They said it couldn’t be done. They said nobody could do it. But apparently it has: The entire city of San Diego—or at least my large circle of friends and relatives—seems to have been converted to eating healthfully.
“Sencillo” was the term my cousin Any used to describe almost every dish we had. By that, I think she meant organic, sustainable, fresh, pure flavors. I guess I could get used to that, though I have a theory that people get full and feel satisfied mainly through flavor, not the amount of food consumed. I prefer to eat nothing instead of something blah.
What I do object to is the ‘no red meat or even chicken’ rule. I almost fell off my chair when I ordered fish and someone at the table said, “So you don’t care that we are depleting the ocean’s fish?” Yes, I do care but I can only eat a certain amount of vegetables and grains (though they do wonders to regulate my system).
At fine restaurants like George’s on the Cove that have vegan, vegetarian and regular menus, only some dishes (like their sweet pea hummus) are fantastic. It’s really difficult to get all three styles right: It’s not just a matter of taking out the milk or cheese. Yet between tennis and living the good healthy life all my friends do look fabulous.
Then I discovered their secret! They sneak into Tijuana if they dare and order lard-fried lobster with refried beans in Rosarito, or beef ribs or carnitas other places around town. We were heading to “el otro lado” for the weekend.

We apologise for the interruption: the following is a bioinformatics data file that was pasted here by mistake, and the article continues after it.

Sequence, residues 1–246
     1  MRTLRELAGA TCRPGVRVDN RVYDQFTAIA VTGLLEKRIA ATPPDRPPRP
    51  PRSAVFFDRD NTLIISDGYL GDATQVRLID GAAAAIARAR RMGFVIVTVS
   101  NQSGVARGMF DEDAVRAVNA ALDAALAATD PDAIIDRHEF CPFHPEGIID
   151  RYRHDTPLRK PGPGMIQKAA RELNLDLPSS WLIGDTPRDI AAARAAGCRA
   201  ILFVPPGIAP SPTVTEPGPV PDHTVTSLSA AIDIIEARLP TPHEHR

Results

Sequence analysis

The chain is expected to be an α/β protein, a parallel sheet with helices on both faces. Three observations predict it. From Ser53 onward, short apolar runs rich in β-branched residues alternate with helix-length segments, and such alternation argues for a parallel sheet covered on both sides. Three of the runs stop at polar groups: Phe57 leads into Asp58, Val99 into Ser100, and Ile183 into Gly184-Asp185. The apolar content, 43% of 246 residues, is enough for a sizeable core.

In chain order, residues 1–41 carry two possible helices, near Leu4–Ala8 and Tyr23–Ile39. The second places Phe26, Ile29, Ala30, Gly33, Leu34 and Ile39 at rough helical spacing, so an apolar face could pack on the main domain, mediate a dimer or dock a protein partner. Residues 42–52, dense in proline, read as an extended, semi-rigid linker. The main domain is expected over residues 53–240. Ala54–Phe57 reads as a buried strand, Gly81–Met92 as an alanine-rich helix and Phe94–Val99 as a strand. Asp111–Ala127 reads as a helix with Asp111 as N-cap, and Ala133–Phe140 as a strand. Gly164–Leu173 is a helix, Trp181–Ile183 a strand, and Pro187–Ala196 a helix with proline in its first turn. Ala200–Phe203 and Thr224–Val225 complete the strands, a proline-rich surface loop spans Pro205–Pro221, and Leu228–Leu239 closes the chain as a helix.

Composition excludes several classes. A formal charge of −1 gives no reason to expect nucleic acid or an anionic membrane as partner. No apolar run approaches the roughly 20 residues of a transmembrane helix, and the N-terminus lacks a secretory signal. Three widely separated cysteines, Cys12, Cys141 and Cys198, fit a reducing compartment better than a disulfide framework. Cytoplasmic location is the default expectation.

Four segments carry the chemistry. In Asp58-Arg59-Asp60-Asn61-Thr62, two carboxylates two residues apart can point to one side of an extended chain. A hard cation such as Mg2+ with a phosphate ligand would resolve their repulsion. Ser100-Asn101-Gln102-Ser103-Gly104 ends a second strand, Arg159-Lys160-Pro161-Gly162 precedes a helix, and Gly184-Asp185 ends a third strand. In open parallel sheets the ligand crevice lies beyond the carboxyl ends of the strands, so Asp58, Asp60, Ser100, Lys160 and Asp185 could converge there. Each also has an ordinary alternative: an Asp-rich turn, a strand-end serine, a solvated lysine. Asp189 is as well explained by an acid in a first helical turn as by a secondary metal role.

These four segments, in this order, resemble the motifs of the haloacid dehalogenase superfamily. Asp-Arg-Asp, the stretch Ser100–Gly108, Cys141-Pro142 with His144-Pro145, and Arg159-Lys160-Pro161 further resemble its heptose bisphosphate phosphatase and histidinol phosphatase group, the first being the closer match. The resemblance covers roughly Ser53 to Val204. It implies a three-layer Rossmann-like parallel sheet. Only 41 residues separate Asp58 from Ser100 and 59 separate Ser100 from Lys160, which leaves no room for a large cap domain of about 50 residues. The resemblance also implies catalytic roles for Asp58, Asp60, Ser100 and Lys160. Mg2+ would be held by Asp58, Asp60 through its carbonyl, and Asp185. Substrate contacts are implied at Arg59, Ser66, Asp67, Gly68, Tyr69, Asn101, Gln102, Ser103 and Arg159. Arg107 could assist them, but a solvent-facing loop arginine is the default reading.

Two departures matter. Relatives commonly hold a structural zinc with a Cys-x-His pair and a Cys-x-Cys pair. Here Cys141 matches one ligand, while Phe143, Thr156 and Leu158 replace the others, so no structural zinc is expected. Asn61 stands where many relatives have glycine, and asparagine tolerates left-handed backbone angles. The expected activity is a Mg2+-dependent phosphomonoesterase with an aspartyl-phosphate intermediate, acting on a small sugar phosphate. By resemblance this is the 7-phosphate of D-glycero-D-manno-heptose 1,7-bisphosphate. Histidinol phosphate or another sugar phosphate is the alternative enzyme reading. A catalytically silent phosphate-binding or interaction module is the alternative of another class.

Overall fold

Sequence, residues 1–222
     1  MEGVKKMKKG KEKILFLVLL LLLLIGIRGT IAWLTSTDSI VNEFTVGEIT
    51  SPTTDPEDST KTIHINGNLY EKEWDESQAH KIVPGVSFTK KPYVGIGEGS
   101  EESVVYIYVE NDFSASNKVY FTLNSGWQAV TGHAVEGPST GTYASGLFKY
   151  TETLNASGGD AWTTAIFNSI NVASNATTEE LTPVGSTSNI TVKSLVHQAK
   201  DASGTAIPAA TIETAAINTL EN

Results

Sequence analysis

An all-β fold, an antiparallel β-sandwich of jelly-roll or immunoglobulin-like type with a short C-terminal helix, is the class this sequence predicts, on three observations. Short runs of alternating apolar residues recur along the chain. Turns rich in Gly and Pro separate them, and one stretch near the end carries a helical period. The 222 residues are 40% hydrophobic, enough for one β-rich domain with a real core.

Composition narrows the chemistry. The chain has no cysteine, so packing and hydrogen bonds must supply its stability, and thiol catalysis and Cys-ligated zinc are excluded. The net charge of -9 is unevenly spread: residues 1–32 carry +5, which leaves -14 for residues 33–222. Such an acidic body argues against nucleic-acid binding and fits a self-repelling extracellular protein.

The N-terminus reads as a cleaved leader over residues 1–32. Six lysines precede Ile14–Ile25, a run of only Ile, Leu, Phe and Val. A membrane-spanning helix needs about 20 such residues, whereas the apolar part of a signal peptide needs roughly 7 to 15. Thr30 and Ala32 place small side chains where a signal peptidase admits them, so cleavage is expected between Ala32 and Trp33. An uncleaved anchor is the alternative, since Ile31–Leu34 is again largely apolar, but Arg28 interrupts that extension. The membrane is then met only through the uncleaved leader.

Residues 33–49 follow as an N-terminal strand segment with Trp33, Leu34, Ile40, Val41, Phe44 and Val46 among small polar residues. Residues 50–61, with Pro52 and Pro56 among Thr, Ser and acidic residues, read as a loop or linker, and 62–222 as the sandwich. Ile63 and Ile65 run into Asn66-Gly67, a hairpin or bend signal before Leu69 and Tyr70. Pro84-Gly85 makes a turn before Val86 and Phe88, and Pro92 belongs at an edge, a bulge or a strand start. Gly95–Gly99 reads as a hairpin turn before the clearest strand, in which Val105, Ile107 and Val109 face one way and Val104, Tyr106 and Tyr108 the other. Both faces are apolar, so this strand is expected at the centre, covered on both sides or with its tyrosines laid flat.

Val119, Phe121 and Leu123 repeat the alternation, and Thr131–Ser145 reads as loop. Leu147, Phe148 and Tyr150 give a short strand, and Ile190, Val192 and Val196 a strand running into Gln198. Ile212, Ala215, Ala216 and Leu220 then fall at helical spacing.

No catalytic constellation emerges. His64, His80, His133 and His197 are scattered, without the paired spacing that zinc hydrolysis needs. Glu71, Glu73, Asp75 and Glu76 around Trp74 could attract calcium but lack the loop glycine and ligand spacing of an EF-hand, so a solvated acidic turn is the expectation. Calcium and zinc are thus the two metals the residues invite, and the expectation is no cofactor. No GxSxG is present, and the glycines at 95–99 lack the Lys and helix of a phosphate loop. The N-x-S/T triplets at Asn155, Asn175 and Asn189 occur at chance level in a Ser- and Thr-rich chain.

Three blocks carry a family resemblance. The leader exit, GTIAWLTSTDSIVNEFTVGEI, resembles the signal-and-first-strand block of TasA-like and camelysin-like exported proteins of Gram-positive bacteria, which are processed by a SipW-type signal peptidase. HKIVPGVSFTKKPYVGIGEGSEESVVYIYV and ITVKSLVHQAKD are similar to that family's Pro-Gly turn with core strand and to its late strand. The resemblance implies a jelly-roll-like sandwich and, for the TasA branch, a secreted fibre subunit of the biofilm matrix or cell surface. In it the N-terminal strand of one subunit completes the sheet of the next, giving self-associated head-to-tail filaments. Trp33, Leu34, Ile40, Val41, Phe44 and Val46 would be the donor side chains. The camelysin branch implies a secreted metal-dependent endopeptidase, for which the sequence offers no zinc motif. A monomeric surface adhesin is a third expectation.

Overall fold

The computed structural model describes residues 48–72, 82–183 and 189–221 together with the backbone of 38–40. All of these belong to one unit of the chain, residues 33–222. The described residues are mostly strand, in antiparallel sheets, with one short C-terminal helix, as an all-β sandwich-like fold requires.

We arrived at a weekend ranch house thoughtfully designed by my niece Marissa Ellis Cervantes. It is one of those places where if you looked for a plug for your mobile phone it was right there, another for your computer. Completely rustic yet with modern comfort.
I was overwhelmed with nostalgia. It did not look like the ranch in Chihuahua where I grew up, but it felt and smelled like it. I got up early at the first rooster’s crow, and sat marveling in the special blue and pink desert sunrise at the magnificent cactus gardens my host had created. I understood perfectly when he said to me, “I only built this ranch to share with company, otherwise what do I need it for?”
Award-winning restaurateur Zarela Martinez blogs at Zarela.com. You can also check out her how-to videos on YouTube.